Community Living and Literacy

Text Size: Normal / Medium / Large
Printer-friendly versionPrinter-friendly version

Published by the Canadian Association for Community Living, this booklet discusses the importance of literacy in achieving full community participation (for people with intellectual disabilities). For the Association, it is not enough to teach people how to read and write: true literacy also means acknowledging that being able to communicate is a right. It means that communities and institutions must demonstrate an ability to provide the means necessary to ensure that this right is respected. In other words, they must be prepared to encourage and respect different ways of communicating in order to be inclusive. This publication aims at establishing links with potential community partners who may be interested in exploring this new territory. 1999

Cost: Free
Association canadienne pour l'intégration communautaire
Édifice Kinsmen, Université York
4700, rue Keele
Toronto ON M3J 1P3

Women as Consumers: 100 years of advocacy

This special collaborative issue between La Gazette des femmes and Protégez-vous follows the joint development of consumer and feminist movements in Quebec and examines the current situation of women as consumers. The feature article presents seven portraits of well-known and less well-known women and their approach to consuming. Another article examines the evolution of images of women and men in publicity, asking whether they are a reflection of changing roles or only a clash between clichés. Of interest also is a study on feminine hygiene products that describes the changes in mentalities that have occurred in this sector. Another article surveys the creative ways sometimes used by merchants to answer, or try to answer, women's needs. Also, a very interesting comparative analysis is made between what it costs to be a woman and what it costs to be a man in daily life.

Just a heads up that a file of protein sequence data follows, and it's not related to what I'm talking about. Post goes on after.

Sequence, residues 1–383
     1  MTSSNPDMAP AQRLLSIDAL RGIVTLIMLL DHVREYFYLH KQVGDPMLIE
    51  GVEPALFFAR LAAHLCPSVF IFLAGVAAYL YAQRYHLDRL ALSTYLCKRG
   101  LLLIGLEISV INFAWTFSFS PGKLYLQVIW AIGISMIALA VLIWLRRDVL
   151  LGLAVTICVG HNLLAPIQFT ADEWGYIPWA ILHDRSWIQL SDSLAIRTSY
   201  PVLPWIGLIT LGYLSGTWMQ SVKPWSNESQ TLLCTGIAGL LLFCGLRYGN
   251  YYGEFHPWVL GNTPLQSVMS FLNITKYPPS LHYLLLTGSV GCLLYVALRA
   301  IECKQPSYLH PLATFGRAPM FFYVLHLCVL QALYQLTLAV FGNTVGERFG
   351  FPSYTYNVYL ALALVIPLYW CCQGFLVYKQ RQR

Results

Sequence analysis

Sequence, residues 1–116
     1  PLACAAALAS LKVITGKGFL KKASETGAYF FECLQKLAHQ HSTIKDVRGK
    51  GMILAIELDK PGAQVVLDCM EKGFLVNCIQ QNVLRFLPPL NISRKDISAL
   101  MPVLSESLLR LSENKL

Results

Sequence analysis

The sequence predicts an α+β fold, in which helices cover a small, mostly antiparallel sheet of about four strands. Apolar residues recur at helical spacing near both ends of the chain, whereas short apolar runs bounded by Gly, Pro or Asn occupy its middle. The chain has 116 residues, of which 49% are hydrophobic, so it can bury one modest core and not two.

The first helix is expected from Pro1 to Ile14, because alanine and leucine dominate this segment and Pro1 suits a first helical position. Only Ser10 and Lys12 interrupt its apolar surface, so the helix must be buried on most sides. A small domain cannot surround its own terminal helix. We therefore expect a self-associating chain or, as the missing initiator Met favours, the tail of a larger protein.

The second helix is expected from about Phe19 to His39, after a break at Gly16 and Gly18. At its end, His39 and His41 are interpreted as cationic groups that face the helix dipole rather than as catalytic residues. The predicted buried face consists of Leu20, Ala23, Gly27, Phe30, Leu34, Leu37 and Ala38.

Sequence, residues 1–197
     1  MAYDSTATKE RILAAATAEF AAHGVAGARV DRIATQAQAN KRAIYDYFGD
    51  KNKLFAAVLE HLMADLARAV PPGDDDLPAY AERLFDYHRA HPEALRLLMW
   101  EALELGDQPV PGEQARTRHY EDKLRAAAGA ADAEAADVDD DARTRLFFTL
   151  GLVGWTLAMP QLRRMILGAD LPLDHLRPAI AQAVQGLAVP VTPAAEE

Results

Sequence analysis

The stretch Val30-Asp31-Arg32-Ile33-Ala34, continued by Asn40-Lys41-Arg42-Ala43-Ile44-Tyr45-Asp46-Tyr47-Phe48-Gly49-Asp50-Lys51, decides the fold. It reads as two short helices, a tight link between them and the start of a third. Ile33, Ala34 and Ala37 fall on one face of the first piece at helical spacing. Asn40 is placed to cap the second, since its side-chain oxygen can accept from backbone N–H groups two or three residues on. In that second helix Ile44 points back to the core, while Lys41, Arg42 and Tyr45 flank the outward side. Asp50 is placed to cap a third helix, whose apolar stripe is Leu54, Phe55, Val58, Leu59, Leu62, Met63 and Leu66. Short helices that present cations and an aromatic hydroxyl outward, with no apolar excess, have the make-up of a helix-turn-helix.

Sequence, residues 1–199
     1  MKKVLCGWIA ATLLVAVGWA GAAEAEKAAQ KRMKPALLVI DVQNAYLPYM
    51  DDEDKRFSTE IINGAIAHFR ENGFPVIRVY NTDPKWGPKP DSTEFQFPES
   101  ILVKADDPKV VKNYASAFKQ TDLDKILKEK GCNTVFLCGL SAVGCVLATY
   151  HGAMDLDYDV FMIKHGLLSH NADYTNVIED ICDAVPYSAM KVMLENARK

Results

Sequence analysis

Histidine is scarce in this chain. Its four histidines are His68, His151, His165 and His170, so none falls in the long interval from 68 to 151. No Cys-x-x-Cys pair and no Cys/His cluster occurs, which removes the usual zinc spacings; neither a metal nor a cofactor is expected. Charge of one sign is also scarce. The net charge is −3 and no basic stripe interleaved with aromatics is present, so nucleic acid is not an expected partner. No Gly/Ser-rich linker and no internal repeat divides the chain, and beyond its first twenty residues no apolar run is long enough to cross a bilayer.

Cost: $12 per year.
Published by: Conseil du statut de la femme and the Office de la protection du consommateur
Gazette des femmes
8, rue Cook, 3e étage
Québec QC G1R 5J7

One-Eyed Science: Occupational Health and Women

Now translated into French, this book is the outcome of more than twenty years of research into occupational health by author Karen Messing. It concentrates more specifically on the resistance shown by science towards understanding those >invisible' aspects of work in the service sector, which employs mostly women. The author studied the work conditions of cashiers, secretaries, waitresses, nurses, factory workers, telephone operators and cleaning staff; she calls into question the gender-based division of labour as well as the biases that have hindered debate on women's occupational health.

English and French.
Cost: $34.50
Published by: Temple University Press
Toll Free: 1-800-447-1656
Fax: (215) 204-4719